The third factor working in favor of the conservative bloc was the fact that, after its fatal adventures in the Middle East, US imperialism returned to the Latin American sub-continent. Fifty years ago, imperialism knew no means other than military dictatorship to submit the countries of the continent to its own interests. Today, imperialist interests have other means at their disposal, namely sectors of the judicial system and US-financed local development projects run by nongovernmental organizations whose gestures in defense of democracy are just a front for covert, aggressive attacks and provocations directed at progressive democratic governments (“down with communism,” “down with Marxism,” “down with Paulo Freire,” “we are not Venezuela,” etc.). In such times as these, when the establishment of dictatorships can be avoided by low-intensity democracy and when the military, still traumatized by past experiences, seems unwilling to embark on new authoritarian adventures, these forms of destabilization are viewed as more effective in that they allow replacing progressive governments with conservative governments while maintaining the democratic façade. All the financing currently abounding in Brazil comes from a wide variety of funds (the novel nature of a more pervasive imperialism), from the proverbial CIA-related organizations to the Koch brothers – who fund the most conservative policies in the USA, their money coming mainly from the oil sector – and North American evangelical organizations.

How Can Brazilian Democracy Be Saved?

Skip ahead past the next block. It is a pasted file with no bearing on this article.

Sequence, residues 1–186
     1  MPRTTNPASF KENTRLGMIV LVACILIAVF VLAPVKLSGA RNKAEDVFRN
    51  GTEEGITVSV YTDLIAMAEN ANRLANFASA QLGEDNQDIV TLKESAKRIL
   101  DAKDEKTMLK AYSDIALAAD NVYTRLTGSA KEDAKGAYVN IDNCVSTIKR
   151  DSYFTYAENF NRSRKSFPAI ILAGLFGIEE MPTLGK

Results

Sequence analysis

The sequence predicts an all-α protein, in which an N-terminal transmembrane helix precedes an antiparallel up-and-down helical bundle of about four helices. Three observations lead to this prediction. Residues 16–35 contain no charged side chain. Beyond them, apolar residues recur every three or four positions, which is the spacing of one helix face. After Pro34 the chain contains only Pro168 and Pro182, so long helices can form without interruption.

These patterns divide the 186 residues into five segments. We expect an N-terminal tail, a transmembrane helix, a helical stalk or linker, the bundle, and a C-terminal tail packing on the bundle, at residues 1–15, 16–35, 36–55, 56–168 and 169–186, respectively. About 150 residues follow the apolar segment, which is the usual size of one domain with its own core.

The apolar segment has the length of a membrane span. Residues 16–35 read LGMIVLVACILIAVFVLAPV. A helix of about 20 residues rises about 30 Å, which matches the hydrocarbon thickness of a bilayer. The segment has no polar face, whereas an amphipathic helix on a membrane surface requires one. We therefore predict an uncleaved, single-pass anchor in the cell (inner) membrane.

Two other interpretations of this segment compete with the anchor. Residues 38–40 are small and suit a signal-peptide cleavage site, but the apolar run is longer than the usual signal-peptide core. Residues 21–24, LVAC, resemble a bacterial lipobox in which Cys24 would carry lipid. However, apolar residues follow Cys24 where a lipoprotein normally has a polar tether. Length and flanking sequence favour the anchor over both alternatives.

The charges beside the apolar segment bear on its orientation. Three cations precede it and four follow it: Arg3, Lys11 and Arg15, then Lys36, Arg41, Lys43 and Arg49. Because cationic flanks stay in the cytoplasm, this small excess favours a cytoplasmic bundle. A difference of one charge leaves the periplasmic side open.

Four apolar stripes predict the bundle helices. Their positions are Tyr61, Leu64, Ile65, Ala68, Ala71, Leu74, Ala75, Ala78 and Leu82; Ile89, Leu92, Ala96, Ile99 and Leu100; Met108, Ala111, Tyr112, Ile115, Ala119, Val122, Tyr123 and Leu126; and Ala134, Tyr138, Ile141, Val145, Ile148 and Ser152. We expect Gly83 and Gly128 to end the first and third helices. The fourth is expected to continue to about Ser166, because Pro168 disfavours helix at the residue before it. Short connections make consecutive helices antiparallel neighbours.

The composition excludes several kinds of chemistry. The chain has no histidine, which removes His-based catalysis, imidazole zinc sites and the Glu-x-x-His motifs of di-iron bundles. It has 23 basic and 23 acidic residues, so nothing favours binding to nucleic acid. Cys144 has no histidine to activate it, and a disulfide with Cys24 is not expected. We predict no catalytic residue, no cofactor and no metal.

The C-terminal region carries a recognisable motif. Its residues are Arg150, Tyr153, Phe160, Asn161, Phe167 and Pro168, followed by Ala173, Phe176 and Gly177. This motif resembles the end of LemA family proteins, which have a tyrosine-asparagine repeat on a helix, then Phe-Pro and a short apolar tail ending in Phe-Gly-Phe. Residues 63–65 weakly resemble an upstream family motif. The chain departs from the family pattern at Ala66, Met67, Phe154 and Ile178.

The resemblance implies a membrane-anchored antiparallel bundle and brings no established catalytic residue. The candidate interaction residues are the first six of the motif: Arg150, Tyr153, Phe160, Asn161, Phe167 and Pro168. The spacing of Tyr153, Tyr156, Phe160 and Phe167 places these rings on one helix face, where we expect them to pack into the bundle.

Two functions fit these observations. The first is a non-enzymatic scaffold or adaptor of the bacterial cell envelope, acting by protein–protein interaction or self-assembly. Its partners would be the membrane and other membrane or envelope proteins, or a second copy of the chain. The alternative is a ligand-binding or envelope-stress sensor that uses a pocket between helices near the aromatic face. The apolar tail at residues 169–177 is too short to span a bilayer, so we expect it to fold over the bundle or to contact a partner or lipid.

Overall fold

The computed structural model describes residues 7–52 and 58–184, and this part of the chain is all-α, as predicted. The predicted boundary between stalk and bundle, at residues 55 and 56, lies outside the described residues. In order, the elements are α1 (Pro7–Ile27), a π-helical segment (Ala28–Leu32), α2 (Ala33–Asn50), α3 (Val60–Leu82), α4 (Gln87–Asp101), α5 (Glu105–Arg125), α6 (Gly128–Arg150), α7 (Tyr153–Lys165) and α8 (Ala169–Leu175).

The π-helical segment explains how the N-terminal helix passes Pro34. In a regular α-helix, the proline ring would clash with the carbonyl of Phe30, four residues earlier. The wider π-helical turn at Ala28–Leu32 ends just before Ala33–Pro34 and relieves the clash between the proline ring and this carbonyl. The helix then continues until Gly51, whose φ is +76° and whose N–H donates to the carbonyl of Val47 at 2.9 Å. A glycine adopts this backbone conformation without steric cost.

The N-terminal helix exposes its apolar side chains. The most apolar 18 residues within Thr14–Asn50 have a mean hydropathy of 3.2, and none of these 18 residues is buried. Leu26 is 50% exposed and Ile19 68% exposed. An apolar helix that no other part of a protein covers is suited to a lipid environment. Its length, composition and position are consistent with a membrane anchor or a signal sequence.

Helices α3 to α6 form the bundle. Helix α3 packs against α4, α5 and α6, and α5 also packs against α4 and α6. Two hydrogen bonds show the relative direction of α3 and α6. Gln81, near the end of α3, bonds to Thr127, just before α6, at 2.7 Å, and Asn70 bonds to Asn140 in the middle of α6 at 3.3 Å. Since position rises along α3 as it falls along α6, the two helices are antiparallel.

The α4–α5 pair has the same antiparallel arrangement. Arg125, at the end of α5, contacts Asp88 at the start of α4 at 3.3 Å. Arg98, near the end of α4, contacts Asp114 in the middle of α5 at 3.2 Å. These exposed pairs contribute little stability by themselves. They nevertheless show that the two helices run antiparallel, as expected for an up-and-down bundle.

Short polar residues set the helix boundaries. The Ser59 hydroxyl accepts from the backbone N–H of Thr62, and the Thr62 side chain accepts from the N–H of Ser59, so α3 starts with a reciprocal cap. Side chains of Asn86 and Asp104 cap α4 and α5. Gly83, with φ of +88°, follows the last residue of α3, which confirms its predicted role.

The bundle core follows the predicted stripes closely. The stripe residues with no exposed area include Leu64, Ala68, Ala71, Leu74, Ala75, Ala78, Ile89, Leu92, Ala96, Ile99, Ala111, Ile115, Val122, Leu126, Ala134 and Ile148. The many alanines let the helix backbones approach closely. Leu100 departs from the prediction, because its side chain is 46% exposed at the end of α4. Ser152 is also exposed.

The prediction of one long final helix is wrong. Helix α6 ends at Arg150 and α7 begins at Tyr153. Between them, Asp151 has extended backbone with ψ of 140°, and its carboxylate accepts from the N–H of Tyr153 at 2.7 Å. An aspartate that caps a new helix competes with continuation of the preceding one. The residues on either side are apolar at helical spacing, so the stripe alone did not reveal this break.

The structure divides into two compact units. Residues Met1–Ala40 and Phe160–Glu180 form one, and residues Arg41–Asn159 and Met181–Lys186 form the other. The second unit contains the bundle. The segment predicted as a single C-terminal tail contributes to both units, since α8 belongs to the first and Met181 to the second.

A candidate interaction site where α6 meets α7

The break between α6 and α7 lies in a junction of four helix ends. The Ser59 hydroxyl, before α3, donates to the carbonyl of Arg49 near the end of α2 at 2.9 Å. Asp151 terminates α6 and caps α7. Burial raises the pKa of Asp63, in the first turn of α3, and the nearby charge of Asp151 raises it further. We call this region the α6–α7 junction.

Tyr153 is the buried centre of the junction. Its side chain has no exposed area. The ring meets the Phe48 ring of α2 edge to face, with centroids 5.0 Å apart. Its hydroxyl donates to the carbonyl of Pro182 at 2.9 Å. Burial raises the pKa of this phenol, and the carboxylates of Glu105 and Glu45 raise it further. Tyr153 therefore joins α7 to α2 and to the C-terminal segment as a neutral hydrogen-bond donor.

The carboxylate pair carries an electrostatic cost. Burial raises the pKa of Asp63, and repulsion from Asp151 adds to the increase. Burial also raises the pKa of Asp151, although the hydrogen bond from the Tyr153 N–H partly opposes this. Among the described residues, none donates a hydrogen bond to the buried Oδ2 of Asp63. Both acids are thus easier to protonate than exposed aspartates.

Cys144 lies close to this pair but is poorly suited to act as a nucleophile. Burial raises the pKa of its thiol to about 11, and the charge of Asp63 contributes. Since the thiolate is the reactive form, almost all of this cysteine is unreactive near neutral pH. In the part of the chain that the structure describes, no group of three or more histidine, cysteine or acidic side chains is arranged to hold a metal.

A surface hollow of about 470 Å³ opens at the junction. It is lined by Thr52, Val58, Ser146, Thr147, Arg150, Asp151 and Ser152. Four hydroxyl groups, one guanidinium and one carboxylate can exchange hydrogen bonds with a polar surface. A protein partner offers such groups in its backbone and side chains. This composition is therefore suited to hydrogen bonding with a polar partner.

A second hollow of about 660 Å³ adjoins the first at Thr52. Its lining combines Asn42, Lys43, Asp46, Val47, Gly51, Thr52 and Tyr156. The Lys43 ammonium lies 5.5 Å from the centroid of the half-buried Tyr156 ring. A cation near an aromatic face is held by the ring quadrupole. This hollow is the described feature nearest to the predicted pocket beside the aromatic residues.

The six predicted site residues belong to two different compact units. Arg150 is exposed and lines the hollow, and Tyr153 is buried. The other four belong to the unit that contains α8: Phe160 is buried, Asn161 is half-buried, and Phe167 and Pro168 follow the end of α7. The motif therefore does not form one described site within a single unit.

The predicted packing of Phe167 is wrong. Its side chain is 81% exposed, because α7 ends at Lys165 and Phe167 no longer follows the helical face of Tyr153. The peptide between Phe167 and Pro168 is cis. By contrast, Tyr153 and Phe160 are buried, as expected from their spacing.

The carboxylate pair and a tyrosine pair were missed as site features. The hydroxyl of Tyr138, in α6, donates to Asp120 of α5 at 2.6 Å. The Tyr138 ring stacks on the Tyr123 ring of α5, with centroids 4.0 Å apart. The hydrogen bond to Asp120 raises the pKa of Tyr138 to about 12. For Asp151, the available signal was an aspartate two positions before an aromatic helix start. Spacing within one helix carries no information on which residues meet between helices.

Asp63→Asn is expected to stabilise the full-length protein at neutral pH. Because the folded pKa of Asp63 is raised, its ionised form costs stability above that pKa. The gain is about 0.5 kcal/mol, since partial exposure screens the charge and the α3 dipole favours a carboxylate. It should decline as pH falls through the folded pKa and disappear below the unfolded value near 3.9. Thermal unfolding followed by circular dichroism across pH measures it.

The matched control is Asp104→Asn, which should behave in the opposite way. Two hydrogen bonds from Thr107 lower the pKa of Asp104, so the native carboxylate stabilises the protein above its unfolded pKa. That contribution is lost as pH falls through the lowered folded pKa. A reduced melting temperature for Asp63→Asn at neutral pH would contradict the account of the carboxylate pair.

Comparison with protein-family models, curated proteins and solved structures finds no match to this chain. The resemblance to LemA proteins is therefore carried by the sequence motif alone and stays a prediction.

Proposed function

The first and most pressing task is to save the Brazilian judiciary from the abyss into which it is sinking. In order to achieve that, its wholesome sector – surely the majority of the judicial system – must take upon itself the task of re-establishing order, serenity and restraint among its members. The guiding principle is simple enough to state: the independence of the courts under the rule of law is intended to allow them to fulfill their share of responsibility in consolidating democratic order and democratic coexistence. For that to happen, they are barred from putting their own independence at the service of any corporate or sectorial political interests, no matter how powerful. Although easy to state, the principle is very difficult to enforce. The top responsibility for enforcing it, at this point, lies with two different bodies. The STF (Federal Supreme Court) must assume its role as the ultimate guarantor of the legal order and put an end to the spreading legal anarchy. The STF will be faced with many important decisions in the near future, which must be obeyed by all, irrespective of what it decides. At present, the Supreme Court is the only institution capable of halting the plunge toward the state of emergency. As to the CNJ (National Council of Justice), which has disciplinary power over the magistrates, it should initiate immediate disciplinary proceedings by reason of reiterated prevarication and procedural abuse, not only against judge Sérgio Moro, who directed the investigation in a blatantly biased manner, but against all those who conducted themselves in similar fashion. If no exemplary disciplinary action is taken, the Brazilian judiciary runs the risk of squandering the institutional sway it has earned in recent decades, which, as we know, has not been used to benefit left-wing forces or policies. It was earned simply by ensuring sustained consistency and the right balance between means and ends. There are some signs that the judicial system is trying to recover its credibility. The Lava Jato Operation is now being discredited and may be dismantled. Unfortunately, this may be the result of yet another spell of politicization of the judiciary, rather than of the renewed strength of the rule of law.